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Old Nov 17, 2012, 9:27 AM   #1
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Default some cedar wax wings with the 70-300mm

A pair of cedar wax wings came to visit the crab apple tree this morning. Odd as usually these birds travel in flocks.


PB177242_1 by ramcewan, on Flickr


PB177243_1 by ramcewan, on Flickr

I think this is either a female or a juvenile


PB177236_1 by ramcewan, on Flickr


PB177235_1 by ramcewan, on Flickr

p.s. I also posted this in the wildlife section, sorry if you already saw it.
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Old Nov 17, 2012, 11:36 AM   #2
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RA, great images, thanks for putting them here.

I have never seen this bird that I know of unless it may have been when I was a kid, a hell of a lot of years ago, in Missouri & Iowa. The crab apples appear to be much smaller than what I do remember from those youthful, for me, times.
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Old Nov 17, 2012, 3:34 PM   #3
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boB,

Thanks for checking them out, the crab apple tree is one of those fancy ornamental weeping lava crab apple and has very small crab apples compared to the more common ones. It also as the name suggests has a beautiful white pink blossom that covers the tree and brings so many bees that it literally buzzes. The small size of the crab apples make them prime feeding for fruit and berry loving birds like robins and these cedar wax wings. The cedar wax wing is actually spread throughout north america but generally travels in small flocks that move from food source to food source, similar to the way starlings can appear out of nowhere and then be gone, except in much smaller groups. Past years we have had a small group of around 20 birds come in and clean the tree off in a day and a half, then they are gone. I have nicknamed them the apple bandits because of their distinctive mask and the way they can come and eat all the apples and are gone till next year. The feeding frenzy that can occur is pretty amazing. With my apologies for the P&S quality here is a prior year with 9 or 10 in the tree at once;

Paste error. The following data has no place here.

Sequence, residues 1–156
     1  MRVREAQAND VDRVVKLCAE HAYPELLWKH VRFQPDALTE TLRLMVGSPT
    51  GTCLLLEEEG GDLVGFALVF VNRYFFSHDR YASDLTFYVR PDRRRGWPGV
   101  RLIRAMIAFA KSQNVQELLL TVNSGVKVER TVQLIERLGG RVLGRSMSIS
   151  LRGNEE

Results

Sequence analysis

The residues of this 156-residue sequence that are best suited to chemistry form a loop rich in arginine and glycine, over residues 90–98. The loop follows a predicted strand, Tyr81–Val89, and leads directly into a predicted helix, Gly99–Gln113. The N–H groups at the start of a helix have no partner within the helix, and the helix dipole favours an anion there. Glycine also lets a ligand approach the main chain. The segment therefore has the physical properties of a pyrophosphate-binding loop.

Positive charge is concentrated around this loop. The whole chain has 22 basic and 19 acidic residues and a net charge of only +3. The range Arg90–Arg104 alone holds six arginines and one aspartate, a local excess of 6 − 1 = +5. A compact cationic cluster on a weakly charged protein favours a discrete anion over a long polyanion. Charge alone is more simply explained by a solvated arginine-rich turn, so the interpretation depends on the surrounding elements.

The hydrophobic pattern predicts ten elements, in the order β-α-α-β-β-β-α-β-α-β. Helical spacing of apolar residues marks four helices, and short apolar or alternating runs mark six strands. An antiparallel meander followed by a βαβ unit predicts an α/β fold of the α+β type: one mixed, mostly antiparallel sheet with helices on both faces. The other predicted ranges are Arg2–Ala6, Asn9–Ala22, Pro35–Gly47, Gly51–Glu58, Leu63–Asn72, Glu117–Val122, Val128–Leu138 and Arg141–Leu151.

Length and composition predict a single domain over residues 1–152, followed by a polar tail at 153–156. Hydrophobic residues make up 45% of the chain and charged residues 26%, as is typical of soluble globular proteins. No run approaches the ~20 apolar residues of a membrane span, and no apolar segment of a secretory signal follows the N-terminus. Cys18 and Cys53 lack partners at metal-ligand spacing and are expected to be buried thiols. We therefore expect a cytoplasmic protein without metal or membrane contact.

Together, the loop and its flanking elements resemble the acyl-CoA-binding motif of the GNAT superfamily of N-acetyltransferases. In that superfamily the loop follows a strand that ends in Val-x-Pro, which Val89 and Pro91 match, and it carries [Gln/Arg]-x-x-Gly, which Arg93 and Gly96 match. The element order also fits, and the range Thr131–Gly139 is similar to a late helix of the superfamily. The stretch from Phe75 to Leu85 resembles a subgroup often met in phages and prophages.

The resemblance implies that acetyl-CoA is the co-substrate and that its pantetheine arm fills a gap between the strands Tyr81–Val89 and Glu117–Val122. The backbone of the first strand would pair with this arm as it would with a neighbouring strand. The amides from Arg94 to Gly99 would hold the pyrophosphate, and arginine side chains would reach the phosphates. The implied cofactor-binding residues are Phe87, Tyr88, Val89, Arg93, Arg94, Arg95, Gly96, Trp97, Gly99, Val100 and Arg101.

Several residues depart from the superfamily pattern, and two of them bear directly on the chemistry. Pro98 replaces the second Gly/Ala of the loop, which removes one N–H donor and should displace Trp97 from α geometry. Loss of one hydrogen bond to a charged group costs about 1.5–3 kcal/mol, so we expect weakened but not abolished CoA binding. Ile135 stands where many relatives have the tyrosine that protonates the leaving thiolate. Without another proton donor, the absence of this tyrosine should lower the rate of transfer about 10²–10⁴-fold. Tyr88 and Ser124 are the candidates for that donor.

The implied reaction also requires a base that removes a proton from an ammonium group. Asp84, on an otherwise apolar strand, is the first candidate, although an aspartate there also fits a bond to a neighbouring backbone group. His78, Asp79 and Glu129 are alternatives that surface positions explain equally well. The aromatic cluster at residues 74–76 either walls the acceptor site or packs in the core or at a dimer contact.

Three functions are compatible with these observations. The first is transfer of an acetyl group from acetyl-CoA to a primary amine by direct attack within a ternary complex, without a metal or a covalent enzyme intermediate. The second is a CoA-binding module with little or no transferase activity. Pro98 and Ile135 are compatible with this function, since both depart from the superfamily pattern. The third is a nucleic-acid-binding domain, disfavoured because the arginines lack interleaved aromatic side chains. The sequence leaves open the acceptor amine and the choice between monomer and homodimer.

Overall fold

apple bandits by ramcewan, on Flickr
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Last edited by ramcewan; Nov 17, 2012 at 3:37 PM.
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Old Nov 17, 2012, 5:21 PM   #4
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Nice shots and good color.
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Old Nov 17, 2012, 7:15 PM   #5
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Very nice. Persuading the camera to focus on the birds and not the branches can be tricky. Well done.
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Old Nov 18, 2012, 11:09 AM   #6
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Thanks James!

D B - yes it can be a battle getting it to focus on the bird instead of something else, that is when the ability to set the focus target box to 14x and place it right on the bird is super important. For me when I shoot wildlife I always follow a workflow of 1st putting it into shutter priority and setting the shutter to something reasonably fast like 250* or above, then I hit the magnifying glass to bring up the focus target and make sure it is center then I shoot. I've also learned to set the ISO to a max of 1200 as that is what I find tolerable on the E-PL2 and the focus mode to single point. Add all that together and some decent light and you have the best chance of getting the shot.

* some will say 250 is not fast enough, but I find that if you have the IBIS on it can be fast enough for a steady handheld at 300mm.. 400 is better but 250 is doable as I think the first two shots show.
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Old Nov 18, 2012, 11:56 AM   #7
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You did very well focusing within all those branches and getting the bird.
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